Abstract: The problem of identifying and quantifying the efficiency of accommodation units is currently a discussed issue. Recognition and identification of the most important aspects that increase the financial efficiency of a rapidly changing business environment, especially in a difficult period of economic and tourism bounce back is a key issue. Only the companies that adequately address the issue of their measurement and evaluation and are able to choose the right approach in this regard will win the competition. Our work focuses on the identification of key factors influencing the management of business entities. We carried out a detailed analysis of accommodation units in selected accommodation facilities at the regional level. We wanted to point out the differences within the individual regions of Slovakia. By applying the DEA method, we used individual models focused on inputs and outputs in order to determine the inefficient units in our research, and revealed its shortcomings and pointed out the way to improve the economic results of these research subjects.
    Keywords: DEA,models,correlation,regions,small and medium enterprises
    Date: 2021–06–30
  11. By: Ibirénoyé Honoré Romaric Sodjahin; Fabienne Femenia; Obafémi Philippe Koutchade; Alain Carpentier
    Abstract: Despite many benefits provided by diversified cropping systems, there is a dearth of empirical evidence on the economic relevance of their effects, mainly due to lack of information on the dynamics of farmers’ crop acreages. Our article contributes to fill this gap and, thereby, to shed light on a pair of apparently contradictory facts. European farmers tend to stick to specialized crop acreages despite agronomic experiments tending to show that crop diversification could reduce chemical input uses while maintaining or even enhancing arable crop yield levels. We provide estimates of the effects of previous crops and crop acreage diversity on yield and chemical input use levels based on a sample of 769 arable crop producers covering the Marne département in France from 2008 to 2014. Our farm level dataset combines cost accounting data, information on crop sequences as well as detailed soil and weather data. Our estimation approach relies on yield functions and input use models defined as systems of simultaneous equations. These models feature farm specific random parameters for accounting for unobserved heterogeneity across farms and farmers as well as for accommodating input use endogeneity in the considered empirical crop yield functions. We estimate pre crop and crop acreage diversity effects for four major crops in the area. Pre crops effects on yields are estimated relatively accurately and are generally consistent with the rankings provided by crop production experts. Estimated pre crop effects on input uses are small and insignificant from a statistical viewpoint despite our large sample, suggesting that pre crops don’t impact much chemical input requirements or/and that farmers tend to downplay these effects when deciding their chemical input use levels. Our results also show that crop acreage diversity positively impacts yield levels and tend to induce reductions in pesticide uses, herbicide uses in particular. Overall, our results demonstrate statistically significant though economically limited effects of pre crops and crop acreage diversity on crop gross margins. They also suggest that policy measures aimed to foster crop diversification are unlikely to significantly reduce chemical input uses on major crops if they are not supplemented by measures specifically aimed to reduce the uses of these inputs.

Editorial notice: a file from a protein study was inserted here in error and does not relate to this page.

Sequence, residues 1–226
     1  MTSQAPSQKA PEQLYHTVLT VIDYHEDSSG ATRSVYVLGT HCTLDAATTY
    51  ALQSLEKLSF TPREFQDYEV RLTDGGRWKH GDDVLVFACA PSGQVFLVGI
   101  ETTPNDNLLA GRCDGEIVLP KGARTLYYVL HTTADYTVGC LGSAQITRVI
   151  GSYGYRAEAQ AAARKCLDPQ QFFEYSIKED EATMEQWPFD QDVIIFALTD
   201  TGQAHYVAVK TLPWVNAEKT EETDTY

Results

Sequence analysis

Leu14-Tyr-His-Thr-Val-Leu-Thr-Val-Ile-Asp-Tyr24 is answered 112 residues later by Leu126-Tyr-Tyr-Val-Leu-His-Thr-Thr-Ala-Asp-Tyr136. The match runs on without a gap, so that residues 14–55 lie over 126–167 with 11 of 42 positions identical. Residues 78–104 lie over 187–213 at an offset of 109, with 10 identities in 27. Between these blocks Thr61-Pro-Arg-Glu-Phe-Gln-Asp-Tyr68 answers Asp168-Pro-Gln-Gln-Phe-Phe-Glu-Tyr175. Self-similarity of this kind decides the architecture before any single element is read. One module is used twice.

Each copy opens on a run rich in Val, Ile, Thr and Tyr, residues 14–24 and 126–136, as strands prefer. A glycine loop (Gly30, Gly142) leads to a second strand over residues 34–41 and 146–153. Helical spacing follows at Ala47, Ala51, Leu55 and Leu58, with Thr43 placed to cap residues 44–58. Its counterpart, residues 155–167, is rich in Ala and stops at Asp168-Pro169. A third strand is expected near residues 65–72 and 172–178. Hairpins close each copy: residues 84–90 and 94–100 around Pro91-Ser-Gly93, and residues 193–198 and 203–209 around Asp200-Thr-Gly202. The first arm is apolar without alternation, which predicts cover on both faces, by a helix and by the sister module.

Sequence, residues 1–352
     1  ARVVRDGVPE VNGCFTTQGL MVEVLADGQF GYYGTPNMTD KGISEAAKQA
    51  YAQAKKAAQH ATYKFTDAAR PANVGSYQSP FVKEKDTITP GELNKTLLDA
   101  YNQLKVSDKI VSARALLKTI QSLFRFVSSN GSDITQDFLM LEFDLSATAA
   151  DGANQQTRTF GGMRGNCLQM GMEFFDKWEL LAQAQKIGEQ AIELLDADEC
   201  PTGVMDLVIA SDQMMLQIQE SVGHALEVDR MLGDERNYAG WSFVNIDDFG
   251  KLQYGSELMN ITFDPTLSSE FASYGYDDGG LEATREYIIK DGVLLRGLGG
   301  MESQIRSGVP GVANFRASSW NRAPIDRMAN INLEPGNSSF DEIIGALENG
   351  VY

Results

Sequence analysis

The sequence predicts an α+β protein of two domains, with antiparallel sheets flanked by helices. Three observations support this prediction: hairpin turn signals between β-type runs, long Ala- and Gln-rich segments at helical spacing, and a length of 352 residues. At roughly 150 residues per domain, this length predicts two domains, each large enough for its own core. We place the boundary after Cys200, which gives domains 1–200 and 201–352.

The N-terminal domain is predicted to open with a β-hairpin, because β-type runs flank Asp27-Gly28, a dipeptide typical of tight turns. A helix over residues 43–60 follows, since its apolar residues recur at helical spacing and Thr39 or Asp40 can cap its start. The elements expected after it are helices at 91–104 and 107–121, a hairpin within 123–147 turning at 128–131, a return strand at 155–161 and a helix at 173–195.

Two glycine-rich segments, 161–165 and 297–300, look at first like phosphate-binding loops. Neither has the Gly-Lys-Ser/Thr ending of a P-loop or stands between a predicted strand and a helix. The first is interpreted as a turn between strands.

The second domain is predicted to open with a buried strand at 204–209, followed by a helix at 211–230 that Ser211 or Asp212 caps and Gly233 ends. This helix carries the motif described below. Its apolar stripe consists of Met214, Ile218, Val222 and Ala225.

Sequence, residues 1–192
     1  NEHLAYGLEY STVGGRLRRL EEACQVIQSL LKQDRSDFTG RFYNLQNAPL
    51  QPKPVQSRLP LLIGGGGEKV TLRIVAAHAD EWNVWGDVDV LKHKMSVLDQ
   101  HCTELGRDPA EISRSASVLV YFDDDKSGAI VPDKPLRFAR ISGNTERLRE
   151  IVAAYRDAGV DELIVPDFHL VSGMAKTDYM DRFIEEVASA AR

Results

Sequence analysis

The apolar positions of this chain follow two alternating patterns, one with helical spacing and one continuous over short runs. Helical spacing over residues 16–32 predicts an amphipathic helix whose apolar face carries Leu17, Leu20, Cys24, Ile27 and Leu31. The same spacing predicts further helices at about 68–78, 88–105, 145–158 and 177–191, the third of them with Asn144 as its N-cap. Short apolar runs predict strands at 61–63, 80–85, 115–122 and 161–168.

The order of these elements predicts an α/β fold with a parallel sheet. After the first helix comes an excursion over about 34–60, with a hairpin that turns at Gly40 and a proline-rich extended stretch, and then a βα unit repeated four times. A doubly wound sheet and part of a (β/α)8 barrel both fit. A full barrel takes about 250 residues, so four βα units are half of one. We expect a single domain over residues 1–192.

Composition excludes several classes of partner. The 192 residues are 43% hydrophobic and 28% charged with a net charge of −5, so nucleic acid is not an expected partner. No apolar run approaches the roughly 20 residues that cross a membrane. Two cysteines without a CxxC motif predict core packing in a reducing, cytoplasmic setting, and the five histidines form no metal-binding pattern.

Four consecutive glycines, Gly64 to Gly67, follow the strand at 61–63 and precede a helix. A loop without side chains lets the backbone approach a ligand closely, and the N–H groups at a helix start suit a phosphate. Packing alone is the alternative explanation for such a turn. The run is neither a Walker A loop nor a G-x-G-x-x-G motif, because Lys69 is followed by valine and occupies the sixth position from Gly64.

Keywords: crop rotation effects, crop diversification, endogeneity, random parameter, SAEM algorithm
    JEL: Q12 C33 C63
    Date: 2022
  12. By: Kyle Boutilier; Thomas J. Carter; Xin Scott Chen; Eshini Ekanayake; Louis Poirier; Peter Shannon; Akash Uppal; Lin Xiang
    Abstract: We expect global potential output growth to increase from 2.7% in 2021 to 2.9% by 2024. Compared with the April 2021 assessment, global potential output growth is marginally slower. The current range for the US neutral rate is 2% to 3%, 0.25 percentage points higher than staff’s last assessment.